By Joel Hall
Members of the Clayton County Board of Commissioners (BOC) are looking for answers after Chairman Eldrin Bell revealed this week that the county's reserve funds have taken a $22 million dive from the last fiscal year.
On Tuesday, Bell told the board that the county no longer enjoys the $42.8 million cushion it had in FY 2007, nor the $43 million it had set aside in FY 2006. Recent findings revealed that the county has spent well into its FY 2008 reserves, leaving only $20 million behind.
Over half of the $22 million spent was on capital expenditures, and $3.8 million of it was spent on settling lawsuits. The $20 million left over meets state recommendations of what a county should have in reserve. However, an additional $7 million the county is required by law to set aside for its pension fund may leave it with only $13 million.
A December 2007 report from KPMG LLP, an Atlanta-based auditing firm, revealed a "control deficiency" in the county's finance department, which "does not allow management or employees, in the normal course of performing their assigned functions, to prevent or detect misstatements on a timely basis."
The report added that the deficiency "adversely affects the entity's ability to initiate, authorize, record, process, or report financial data reliably."
Bell said the findings were "shocking" and cited a break down of communication between the BOC and the county finance department as a possible reason for the overspending. He believes the county should take immediate steps to have better oversight of its savings.
"Wall Street says that you should keep at least 10 percent of your budget in reserves," said Bell. "Our budget director should be giving our board monthly updates. I'm proposing that we bring in a consultant to the finance department ... because we can't trust the figures that we are getting now."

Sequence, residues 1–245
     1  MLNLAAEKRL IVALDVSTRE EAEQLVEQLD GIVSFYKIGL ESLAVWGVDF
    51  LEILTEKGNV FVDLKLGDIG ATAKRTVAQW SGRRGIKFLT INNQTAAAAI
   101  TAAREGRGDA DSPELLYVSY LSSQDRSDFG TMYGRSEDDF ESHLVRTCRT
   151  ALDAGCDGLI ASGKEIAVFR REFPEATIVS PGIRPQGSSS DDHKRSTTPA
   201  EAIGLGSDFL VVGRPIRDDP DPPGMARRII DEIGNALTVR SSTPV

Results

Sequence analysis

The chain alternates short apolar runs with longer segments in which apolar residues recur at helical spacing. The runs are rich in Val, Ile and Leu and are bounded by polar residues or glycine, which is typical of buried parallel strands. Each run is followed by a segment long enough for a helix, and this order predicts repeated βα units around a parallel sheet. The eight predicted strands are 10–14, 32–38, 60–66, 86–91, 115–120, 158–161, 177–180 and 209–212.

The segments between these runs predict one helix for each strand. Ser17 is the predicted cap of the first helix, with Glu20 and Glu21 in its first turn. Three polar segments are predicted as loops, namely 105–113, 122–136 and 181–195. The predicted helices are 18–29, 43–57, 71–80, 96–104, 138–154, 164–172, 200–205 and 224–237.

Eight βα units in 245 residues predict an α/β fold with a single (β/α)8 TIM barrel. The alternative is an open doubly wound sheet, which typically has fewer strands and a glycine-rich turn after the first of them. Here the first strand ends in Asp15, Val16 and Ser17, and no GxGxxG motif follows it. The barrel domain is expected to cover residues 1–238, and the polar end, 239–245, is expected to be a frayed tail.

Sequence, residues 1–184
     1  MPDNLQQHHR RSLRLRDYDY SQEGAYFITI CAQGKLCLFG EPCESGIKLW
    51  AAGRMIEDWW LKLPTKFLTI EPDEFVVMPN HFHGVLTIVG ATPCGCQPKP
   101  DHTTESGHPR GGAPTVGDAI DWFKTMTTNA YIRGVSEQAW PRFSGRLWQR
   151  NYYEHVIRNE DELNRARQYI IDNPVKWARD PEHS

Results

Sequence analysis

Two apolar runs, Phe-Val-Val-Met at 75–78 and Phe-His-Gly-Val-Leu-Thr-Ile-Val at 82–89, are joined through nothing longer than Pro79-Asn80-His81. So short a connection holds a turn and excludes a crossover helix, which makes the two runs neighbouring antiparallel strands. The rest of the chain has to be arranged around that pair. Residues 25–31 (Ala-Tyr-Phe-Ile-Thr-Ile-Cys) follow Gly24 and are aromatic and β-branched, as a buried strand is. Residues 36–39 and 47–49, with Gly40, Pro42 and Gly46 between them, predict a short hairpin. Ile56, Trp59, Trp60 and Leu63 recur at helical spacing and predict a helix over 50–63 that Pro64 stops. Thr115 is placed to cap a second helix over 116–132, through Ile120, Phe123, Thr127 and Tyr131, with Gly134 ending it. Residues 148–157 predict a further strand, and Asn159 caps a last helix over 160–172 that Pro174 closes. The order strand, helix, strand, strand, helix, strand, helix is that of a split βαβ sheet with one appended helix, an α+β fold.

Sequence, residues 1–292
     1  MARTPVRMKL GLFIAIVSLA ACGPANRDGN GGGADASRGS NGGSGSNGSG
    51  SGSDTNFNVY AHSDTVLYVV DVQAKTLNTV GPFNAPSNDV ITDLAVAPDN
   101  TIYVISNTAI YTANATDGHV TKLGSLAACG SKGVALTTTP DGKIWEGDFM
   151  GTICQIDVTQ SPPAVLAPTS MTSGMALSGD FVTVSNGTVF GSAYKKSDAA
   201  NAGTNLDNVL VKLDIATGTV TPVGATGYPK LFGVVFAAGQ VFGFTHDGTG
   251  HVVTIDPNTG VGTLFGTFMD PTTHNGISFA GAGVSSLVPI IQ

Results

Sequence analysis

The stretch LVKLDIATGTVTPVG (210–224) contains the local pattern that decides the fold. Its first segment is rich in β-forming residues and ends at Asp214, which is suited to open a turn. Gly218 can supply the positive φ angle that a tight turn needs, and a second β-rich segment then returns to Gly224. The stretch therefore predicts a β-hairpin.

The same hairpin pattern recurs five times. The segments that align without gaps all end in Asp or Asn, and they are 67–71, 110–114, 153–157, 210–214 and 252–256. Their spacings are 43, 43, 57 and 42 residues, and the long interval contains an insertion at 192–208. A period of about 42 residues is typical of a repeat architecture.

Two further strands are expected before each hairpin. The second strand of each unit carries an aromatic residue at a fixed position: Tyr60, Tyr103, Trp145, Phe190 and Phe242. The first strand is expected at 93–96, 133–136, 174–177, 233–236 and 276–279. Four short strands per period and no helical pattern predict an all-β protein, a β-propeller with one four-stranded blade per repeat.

Commissioner Wole Ralph said that in June, when the board approved a FY 2009 budget of $168.6 million, Bell made "a commitment not to raise taxes." In order to increase services without raising taxes, the BOC has been spending money from its savings, Ralph said.
"What the county has done is that it has developed a 'rainy-day' fund," said Ralph. "As we looked at expanding government services, we chose to spend from that fund rather than raise taxes.
"When you look at other counties, they have gaping holes in their budget," Ralph continued. "Even at the $20 million, we are well ahead of the state's recommendation for the [reserve] fund balance. Right now, we are talking about discomfort, more than a crisis."
While Ralph does not believe the decreased reserve balance will lead to cutbacks or layoffs, he suggested that the BOC create an oversight committee, so board members can stay on top of expenditures.
"I think there needs to be a committee to give more information to the commissioners, because you don't have the $42 million cushion anymore," said Ralph. "Two board members could be on that committee and keep the rest of us on track with where those finances are. [The reserve balance] demonstrates a need to get the BOC more involved with the finances throughout the entire year."
Clayton County Finance Director Angela Jackson did not respond to calls seeking comment made on Wednesday.